Reply Score: 1

v sadly they waste time
by GODhack on Tue 3rd Feb 2009 14:43 UTC
by _txf_ on Tue 3rd Feb 2009 14:53 UTC
Member since:

You can not compete with Windows, repeating it," Zavalishin says, "It is impossible to compete with Windows, creating a functionally weaker system, such as Linux"

I wonder what he means by this. Linux is repeating unix to a certain form. Plus, if he stands by his statement then he should include osx, which seems to do fine against windows (and could possibly do even better if it weren't imprisoned to specific hardware).

Reply Score: 4

Babelfish Translation
by randy7376 on Tue 3rd Feb 2009 15:07 UTC
Member since:

For those that want a rough translation (and I do mean rough!) of the web page edmnc mentions above, you can go to

and input the URL under "Translate a web page". Select the language you want to translate from to the language you want to read it in. Voila!

It's not perfect by any means, but helps those of us who know don't know any Russian.

Reply Score: 2

Very cool
by Nycran on Tue 3rd Feb 2009 15:07 UTC
Member since:

This is a fabulous idea. It'll be interesting to see how it holds up from a performance point of view. To those worrying about object size and RAM, pretty soon we'll have 32Gig ram chips, and I can imagine a server being decked out with 1TB of ram in the not too distant future (within 5 years).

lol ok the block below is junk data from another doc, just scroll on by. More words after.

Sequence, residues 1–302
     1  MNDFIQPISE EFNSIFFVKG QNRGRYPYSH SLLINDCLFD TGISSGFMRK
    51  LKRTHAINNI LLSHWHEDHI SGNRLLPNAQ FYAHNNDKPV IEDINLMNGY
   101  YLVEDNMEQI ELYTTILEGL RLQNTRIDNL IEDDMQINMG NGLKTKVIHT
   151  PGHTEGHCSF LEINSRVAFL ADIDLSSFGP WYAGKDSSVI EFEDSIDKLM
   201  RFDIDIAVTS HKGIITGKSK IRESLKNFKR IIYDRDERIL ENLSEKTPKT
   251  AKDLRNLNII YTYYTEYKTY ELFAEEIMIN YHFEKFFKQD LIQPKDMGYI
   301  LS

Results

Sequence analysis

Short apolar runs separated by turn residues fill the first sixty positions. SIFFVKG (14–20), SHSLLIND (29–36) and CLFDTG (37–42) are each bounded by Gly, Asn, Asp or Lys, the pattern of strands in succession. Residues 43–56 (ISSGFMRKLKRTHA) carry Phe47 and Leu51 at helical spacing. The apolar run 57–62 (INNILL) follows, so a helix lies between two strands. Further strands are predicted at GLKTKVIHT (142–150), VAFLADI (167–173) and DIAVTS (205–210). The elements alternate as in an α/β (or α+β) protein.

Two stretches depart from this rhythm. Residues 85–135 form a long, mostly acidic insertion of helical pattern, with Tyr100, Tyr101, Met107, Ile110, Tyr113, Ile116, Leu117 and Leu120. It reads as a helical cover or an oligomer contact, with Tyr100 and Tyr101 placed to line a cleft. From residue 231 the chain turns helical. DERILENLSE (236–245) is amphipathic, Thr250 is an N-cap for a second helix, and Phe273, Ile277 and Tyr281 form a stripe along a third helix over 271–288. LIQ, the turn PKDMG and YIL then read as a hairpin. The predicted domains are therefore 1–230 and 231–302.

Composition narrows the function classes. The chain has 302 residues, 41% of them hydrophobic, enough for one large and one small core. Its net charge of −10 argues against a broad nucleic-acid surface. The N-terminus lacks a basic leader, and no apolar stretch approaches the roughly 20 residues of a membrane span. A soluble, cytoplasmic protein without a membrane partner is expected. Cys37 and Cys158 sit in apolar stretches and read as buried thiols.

Reply Score: 1

Two interesting answers in the FAQ
by wannabe geek on Tue 3rd Feb 2009 15:14 UTC
wannabe geek
Member since:

Q: Why are you against the development of the OS in the «open source», what are the main arguments?

A: We do not mind, we thought.Part of the system probably will be distributed in source code. Perhaps - the whole.


Q: But is not the operating system EROS thus, what are you telling it?

A: None. EROS - the traditional micronucleus OS. InterProcess it is realized via the kernel, which means low productivity IPC, the inability to work with the fine grained objects, etc.

(Google translation)

Reply Score: 2

matatk Member since:

I thought of EROS ( ) immediately and I'm glad you commented about this. As I recalled, the EROS team moved onto developing a different OS that did not include this feature (which I thought at the time was more than a little foolish, as computer hardware is going in a direction that would make persistence so much more practicable and useful in future). However, it seems they may have reconsidered -- .